ETFs are available for any investment style. You can invest in ETFs that track the CRSP (Center for Research in Securities Prices) small-cap value stock index. Another choice could be an ETF that tracks the Bloomberg Capital U.S. High Yield Corporate Bond Index. This will invest only in high-yield bonds. Factor ETFs focus on companies that have certain financial or trading characteristics, such as strong balance sheets or an upward price trend.
You can use sector and industry ETFs to align your holdings with the stages of the business cycle. Utilities and consumer staples perform well during recessions, while the consumer discretionary sector does well during expansions.
Each sector of the economy is tracked by an index, and some industries within those sectors are tracked as well. There are ETFs for all sectors and industries, from e-commerce to energy.
Economic and political conditions can favor some areas of the world more than others at any given time. You can use international ETFs to capitalize on growth opportunities in different countries and regions. The largest international ETF tracks the FTSE index of developed countries other than the U.S.
Socially Responsible ETFs
Socially responsible investing evaluates companies based on how well they support environmental, social, and governance (ESG) issues. The firm MSCI rates 14,000 companies for social responsibility and publishes indexes that track these characteristics. There are about 150 socially responsible ETFs available on the U.S. markets.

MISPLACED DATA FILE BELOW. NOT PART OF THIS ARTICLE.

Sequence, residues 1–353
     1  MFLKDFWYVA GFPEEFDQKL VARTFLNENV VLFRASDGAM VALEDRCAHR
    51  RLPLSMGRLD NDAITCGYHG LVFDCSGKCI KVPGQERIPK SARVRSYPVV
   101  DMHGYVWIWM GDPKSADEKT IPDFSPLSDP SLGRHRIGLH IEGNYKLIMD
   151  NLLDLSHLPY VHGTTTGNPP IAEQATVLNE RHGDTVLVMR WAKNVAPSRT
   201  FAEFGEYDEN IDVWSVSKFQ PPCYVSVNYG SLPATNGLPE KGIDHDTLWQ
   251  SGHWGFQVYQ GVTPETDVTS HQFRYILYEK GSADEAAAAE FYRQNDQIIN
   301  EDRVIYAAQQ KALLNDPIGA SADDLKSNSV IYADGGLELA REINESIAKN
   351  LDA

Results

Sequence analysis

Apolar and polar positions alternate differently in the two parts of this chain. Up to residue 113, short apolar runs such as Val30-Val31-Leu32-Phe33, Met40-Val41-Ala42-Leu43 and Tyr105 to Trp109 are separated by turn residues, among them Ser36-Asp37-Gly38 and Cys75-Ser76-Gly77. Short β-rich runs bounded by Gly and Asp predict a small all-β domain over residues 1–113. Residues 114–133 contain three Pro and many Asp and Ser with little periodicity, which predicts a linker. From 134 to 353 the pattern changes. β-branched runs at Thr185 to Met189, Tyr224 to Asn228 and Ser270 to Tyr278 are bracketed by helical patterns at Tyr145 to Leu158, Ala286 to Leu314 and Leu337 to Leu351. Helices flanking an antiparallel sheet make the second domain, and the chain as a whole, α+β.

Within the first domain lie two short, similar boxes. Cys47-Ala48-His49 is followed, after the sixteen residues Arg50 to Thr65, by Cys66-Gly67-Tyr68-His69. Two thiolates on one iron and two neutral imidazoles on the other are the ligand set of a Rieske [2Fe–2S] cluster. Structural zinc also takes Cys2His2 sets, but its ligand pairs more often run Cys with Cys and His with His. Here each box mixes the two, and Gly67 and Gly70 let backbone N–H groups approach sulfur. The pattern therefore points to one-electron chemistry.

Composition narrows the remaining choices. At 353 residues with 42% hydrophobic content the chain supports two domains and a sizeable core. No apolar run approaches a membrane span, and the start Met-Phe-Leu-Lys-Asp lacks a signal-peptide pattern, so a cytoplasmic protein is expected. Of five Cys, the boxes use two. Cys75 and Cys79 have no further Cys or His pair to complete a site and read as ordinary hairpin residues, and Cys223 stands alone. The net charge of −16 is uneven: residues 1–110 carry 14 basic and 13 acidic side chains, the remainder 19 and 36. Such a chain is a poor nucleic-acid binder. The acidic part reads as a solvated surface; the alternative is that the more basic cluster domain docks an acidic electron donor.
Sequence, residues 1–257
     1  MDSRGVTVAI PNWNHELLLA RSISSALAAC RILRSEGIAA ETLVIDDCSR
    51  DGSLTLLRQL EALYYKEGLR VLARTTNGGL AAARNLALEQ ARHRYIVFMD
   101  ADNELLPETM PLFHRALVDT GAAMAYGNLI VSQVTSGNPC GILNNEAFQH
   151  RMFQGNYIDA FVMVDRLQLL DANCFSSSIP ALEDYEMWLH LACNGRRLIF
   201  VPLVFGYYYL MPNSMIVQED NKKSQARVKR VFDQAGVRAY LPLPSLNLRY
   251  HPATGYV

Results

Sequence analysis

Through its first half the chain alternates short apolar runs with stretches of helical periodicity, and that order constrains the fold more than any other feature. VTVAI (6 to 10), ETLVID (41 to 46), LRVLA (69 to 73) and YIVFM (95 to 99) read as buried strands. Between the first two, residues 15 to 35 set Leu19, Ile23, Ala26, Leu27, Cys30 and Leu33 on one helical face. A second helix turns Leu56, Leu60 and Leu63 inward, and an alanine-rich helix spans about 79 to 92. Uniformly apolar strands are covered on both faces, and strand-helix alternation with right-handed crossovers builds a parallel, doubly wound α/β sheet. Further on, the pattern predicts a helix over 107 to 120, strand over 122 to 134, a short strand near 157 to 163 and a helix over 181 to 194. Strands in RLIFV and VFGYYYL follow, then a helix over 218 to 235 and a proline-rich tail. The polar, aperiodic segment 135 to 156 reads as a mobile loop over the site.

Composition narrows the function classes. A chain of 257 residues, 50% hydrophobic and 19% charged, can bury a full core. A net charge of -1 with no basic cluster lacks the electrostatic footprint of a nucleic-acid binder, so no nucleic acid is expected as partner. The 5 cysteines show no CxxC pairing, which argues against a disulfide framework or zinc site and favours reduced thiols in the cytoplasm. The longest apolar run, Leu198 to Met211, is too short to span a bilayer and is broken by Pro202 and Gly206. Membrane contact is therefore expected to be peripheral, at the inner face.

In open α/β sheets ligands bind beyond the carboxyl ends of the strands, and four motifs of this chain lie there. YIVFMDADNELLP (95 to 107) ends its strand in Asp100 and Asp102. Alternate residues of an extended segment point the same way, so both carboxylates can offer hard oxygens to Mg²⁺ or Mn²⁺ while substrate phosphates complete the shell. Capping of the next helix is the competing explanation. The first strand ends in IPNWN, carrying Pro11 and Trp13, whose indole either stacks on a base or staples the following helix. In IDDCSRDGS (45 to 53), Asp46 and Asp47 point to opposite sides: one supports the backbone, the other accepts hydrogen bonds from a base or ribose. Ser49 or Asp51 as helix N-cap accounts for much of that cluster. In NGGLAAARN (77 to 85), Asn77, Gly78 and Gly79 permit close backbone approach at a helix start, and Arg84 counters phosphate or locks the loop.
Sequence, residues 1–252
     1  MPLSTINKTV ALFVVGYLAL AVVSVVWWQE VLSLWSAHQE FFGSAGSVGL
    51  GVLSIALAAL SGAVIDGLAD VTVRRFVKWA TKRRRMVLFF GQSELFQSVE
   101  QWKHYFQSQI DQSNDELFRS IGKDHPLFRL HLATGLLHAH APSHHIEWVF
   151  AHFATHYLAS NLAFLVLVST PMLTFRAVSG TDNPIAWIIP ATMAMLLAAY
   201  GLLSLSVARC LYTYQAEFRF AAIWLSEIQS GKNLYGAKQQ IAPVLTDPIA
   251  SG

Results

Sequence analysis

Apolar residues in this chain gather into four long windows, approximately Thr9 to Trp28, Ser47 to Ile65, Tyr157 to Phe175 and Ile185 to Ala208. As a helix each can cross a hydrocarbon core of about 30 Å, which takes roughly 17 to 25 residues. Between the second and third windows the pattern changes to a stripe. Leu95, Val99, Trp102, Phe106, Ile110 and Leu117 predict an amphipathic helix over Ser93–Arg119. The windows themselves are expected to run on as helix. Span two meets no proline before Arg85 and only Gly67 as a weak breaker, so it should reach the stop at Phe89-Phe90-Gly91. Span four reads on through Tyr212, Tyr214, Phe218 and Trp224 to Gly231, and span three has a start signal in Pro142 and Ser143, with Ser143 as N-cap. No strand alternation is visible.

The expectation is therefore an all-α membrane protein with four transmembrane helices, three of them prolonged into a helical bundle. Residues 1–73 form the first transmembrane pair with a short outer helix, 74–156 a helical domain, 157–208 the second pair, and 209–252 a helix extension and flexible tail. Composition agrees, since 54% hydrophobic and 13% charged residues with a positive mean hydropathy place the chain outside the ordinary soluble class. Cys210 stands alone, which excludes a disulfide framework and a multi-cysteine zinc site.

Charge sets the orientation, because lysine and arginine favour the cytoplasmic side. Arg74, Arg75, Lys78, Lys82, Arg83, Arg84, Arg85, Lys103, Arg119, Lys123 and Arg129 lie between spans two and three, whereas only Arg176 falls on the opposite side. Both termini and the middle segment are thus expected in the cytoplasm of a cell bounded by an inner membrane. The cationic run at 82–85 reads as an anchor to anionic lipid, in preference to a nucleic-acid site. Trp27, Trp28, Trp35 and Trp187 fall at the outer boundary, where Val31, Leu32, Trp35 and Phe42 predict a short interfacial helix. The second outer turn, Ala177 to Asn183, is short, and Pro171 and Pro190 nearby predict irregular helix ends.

Risk Management ETFs
You can use ETFs to hedge against markets that are moving downward. Inverse ETFs show gains when an index is down. They show losses when it's moving up. Common inverse ETFs track the S&P 500. Long/short ETFs in this category buy and short-sell underlying investments based on share-price factors.
Long/short funds try to maximize the upside of a market by purchasing shares that are undervalued. They attempt to limit risk by short-selling shares that are overvalued.
Leveraged ETFs are right for experienced investors who understand their risks. These ETFs are designed to deliver a multiple of an index return on a daily basis. A 2x S&P 500 ETF is designed to double the S&P 500 return daily.
Leveraged ETFs use debt, options, short-selling, and other methods to reach their goals. Leveraged ETFs magnify both gains and losses.
The Bottom Line
ETFs let new investors take advantage of professional money management. Seasoned investors can use them to capitalize on certain areas of opportunity based on conditions. ETFs can also be used for highly sophisticated leveraged and short-selling strategies. They're liquid, cost-effective, and transparent. They can be used as building blocks for any investment strategy, and to take advantage of opportunities in any market, region, or sector.
Do your research before you invest. Know how much risk you're comfortable with. Think about getting help from a professional financial advisor if you're new to investing.